In fact without any emotion in your arguments why should people care? Politics is not about discussing if an apple is green or red, it's discussing the way we want to live an important decisions affecting the welfare of many.

Now if we talk against racism we tend to use words intended to inflame emotions in people... oppression, injustice, abuse.. even the word itself has become emotionally laden.

Most of the fallacies in the list I can agree are not something that should be employed in an argument, such as attacking the opponent, his friends etc.

But think of this, if a politician presents a series of valid and good argument to his audience, and ends it with "Do you want blah blah blah?", does that render his whole argument false? I think not.

BTW I don't tend to use tricks knowingly, but I often get enthusiastic during discussions. If there is no emmotion then there is only death. A computer cannot feel the difference between cruel brutality and a free, just system.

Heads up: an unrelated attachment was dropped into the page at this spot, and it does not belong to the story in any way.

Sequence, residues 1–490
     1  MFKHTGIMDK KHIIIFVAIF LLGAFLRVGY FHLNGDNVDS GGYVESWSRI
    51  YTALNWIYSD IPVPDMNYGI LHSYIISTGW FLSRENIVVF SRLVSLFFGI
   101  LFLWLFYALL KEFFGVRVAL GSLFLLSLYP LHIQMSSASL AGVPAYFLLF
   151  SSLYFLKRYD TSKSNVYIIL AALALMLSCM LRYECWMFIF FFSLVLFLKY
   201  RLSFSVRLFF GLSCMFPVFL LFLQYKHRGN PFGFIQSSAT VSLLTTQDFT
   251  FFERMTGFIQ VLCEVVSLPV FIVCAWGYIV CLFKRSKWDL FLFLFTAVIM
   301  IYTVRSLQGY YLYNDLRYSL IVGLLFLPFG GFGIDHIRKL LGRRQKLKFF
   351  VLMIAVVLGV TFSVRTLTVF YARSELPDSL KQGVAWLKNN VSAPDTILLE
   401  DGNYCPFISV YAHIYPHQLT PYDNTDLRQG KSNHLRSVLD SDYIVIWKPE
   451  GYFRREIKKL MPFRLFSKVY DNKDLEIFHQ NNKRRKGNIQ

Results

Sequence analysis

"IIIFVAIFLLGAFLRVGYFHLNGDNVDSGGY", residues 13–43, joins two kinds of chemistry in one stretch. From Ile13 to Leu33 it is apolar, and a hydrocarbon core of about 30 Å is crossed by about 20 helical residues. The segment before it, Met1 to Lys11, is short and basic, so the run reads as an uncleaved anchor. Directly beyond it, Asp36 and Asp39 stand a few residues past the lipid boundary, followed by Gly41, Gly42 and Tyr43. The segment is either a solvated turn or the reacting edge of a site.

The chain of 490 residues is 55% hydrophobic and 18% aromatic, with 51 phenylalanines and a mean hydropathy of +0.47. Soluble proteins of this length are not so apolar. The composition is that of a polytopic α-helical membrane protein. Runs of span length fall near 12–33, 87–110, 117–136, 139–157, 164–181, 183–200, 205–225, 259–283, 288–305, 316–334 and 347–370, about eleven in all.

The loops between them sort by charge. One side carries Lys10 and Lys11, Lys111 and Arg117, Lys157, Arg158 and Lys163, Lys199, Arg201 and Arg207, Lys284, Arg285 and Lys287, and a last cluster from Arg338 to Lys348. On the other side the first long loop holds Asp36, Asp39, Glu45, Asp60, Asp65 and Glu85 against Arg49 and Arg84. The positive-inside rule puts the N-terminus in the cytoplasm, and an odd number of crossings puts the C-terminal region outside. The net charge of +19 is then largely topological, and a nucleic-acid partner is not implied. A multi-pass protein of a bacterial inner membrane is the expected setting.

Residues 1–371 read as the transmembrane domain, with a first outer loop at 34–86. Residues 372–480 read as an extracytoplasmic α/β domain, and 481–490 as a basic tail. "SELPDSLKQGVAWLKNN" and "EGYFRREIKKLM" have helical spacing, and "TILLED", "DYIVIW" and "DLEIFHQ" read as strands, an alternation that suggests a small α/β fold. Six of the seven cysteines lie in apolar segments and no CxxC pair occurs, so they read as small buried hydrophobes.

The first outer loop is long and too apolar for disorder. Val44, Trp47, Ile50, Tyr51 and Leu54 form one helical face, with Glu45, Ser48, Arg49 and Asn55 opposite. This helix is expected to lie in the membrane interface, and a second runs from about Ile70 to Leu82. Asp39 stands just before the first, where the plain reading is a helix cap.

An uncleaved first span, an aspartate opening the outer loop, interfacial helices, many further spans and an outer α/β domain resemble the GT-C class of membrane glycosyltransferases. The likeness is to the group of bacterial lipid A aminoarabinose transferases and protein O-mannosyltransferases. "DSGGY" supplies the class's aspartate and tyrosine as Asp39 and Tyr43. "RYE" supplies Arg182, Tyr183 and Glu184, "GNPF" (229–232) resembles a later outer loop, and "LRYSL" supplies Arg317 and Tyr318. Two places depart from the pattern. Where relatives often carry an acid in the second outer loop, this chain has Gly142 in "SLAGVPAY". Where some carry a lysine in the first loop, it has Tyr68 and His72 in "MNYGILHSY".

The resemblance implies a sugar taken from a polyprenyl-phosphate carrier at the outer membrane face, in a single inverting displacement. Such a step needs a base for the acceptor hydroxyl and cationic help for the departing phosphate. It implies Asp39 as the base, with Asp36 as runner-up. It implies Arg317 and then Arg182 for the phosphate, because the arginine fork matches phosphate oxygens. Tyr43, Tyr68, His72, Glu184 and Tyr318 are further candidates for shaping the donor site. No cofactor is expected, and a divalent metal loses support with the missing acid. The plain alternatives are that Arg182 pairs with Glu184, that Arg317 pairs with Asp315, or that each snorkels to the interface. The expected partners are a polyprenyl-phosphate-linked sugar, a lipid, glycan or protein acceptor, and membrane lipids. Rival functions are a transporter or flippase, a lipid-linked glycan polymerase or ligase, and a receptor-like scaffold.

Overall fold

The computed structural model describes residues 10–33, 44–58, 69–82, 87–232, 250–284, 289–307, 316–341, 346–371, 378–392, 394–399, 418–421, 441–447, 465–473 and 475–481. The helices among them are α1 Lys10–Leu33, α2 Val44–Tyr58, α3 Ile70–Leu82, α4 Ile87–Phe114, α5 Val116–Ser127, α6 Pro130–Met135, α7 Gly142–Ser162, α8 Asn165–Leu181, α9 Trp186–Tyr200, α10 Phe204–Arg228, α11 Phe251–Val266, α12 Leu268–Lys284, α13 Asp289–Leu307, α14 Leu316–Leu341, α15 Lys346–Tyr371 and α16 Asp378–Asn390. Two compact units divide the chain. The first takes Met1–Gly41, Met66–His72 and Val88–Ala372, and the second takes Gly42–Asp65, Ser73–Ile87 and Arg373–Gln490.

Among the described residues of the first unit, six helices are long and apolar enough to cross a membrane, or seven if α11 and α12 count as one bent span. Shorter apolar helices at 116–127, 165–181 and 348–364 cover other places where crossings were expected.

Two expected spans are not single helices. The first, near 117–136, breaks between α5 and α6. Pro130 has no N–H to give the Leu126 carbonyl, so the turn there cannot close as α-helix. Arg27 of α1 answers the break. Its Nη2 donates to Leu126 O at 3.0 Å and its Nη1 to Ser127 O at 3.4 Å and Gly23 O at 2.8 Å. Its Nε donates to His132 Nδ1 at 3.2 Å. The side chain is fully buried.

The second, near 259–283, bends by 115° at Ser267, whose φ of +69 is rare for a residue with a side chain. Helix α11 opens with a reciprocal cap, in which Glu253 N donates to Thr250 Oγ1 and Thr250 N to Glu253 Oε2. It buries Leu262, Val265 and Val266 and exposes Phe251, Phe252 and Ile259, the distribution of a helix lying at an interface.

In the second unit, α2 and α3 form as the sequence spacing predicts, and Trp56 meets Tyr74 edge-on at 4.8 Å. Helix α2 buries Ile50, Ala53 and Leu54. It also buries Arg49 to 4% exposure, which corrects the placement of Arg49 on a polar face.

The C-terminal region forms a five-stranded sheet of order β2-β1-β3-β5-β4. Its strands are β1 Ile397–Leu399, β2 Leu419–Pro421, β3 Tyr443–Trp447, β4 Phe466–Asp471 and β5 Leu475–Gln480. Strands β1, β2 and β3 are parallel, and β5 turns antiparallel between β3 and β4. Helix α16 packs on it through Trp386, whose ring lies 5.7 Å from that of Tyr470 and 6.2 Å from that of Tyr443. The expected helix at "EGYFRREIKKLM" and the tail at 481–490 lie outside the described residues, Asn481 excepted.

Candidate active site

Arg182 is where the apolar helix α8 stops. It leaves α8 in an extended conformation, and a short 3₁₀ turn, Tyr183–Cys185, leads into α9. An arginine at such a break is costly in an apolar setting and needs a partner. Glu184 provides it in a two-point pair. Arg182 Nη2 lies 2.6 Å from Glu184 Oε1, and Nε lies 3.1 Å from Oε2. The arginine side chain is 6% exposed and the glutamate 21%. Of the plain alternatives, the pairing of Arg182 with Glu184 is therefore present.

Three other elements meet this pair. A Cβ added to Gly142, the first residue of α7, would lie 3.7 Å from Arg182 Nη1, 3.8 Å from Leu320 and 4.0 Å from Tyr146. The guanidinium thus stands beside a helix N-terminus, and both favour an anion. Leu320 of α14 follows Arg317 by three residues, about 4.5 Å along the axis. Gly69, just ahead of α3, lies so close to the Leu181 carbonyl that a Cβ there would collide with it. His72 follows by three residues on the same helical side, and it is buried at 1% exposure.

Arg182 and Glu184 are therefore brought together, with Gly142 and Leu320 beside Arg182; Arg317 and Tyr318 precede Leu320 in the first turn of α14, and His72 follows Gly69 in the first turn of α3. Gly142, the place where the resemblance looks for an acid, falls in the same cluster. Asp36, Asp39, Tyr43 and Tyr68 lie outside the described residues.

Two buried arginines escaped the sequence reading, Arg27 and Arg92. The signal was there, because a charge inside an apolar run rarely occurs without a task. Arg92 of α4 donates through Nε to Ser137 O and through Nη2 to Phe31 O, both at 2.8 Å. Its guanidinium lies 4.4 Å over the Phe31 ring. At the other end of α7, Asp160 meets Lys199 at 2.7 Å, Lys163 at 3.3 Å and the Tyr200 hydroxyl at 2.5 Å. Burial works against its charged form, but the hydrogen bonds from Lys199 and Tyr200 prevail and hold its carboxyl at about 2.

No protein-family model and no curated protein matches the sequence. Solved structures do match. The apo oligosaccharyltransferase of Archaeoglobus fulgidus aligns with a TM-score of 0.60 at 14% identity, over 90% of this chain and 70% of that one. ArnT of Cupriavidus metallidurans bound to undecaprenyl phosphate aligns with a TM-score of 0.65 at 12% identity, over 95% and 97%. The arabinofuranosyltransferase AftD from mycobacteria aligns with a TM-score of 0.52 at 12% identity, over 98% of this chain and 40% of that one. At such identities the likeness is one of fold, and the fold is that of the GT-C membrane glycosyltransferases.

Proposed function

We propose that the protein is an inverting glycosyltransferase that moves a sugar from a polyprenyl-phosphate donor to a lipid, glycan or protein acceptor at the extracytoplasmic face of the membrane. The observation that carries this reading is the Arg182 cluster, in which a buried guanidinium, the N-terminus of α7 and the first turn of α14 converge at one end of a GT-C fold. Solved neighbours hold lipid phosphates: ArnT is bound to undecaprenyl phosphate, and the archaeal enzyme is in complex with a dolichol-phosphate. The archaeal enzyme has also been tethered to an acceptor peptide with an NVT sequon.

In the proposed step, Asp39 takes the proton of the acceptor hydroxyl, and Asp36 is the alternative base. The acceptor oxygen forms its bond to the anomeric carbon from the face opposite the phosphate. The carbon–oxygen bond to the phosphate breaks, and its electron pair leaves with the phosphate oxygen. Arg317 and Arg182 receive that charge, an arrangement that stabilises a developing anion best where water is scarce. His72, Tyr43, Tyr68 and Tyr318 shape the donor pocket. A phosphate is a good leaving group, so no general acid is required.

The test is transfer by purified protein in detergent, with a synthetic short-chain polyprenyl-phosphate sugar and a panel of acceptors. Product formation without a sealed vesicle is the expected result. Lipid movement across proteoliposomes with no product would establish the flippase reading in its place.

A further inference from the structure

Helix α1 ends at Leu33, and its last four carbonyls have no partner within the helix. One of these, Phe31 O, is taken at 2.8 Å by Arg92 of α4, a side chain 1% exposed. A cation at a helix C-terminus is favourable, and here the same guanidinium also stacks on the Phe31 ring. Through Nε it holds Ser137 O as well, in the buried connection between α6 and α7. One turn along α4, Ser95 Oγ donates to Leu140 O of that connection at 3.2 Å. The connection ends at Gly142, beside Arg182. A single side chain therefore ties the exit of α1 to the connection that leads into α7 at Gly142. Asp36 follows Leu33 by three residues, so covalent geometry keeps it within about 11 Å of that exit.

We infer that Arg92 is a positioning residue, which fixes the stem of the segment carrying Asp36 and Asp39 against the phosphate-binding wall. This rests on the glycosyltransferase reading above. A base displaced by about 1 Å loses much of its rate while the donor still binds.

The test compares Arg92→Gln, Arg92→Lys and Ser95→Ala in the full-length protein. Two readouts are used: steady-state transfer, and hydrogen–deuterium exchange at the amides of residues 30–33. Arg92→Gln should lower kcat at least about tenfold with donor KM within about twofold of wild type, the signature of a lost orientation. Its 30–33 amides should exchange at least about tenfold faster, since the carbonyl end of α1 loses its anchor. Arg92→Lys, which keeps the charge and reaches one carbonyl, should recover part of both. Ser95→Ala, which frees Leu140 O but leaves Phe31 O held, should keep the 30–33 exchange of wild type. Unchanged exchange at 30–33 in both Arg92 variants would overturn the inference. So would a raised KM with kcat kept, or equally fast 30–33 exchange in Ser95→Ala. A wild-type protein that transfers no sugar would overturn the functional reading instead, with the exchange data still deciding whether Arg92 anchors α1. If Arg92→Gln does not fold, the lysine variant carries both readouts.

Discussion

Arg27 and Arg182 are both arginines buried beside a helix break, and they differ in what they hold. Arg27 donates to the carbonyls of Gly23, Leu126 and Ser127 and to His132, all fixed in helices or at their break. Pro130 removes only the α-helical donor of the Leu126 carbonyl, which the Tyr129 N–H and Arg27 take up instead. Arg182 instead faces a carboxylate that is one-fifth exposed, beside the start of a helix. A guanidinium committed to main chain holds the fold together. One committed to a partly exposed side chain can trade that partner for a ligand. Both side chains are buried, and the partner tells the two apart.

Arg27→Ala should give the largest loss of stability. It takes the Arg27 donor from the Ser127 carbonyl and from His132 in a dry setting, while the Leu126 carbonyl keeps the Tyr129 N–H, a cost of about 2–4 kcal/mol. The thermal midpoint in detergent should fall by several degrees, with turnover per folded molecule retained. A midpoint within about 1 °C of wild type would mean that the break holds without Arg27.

Gengari
The "logical fallacies" fallacy.

Just because an argument contains a fallacy, does not mean that the conclusion is false, improbable, or inaccurate.

Pointing out a logical fallacy doesn't disprove a conclusion. It merely attacks the method of their argument.

Logic is merely the method by which you come to your conclusion.
necrolyte
Added:

Dragonspirit or Edward: Any argument made my Dragonspirit or Edward.
Gengari
QUOTE(necrolyte @ Dec 7 2005, 04:19 AM)
Added:

Dragonspirit or Edward: Any argument made my Dragonspirit or Edward.



Ad Hominem/Argument by Generalization.
necrolyte
QUOTE(Gengari @ Dec 7 2005, 01:42 PM)
Ad Hominem/Argument by Generalization.



It's a pretty accurate generalization if you look at the sum total of their posts biggrin.gif
Gengari
QUOTE(necrolyte @ Dec 7 2005, 09:33 AM)
It's a pretty accurate generalization if you look at the sum total of their posts biggrin.gif



Added:

Necrolyte: Any argument made by Necrolyte.


After all, it's a pretty accurate generalization if you look at the sum total of his posts biggrin.gif
necrolyte
QUOTE(Gengari @ Dec 7 2005, 08:00 PM)
Added:

Necrolyte: Any argument made by Necrolyte.
After all, it's a pretty accurate generalization if you look at the sum total of his posts biggrin.gif



Added: Byronization
Gengari
Byronization isn't in itself a fallacy. It could easily be a form of Reductio Ad Absurdum (using the same logic, but applying it to a different case to show that the argument is absurd), but that isn't necisarilly a logical fallacy.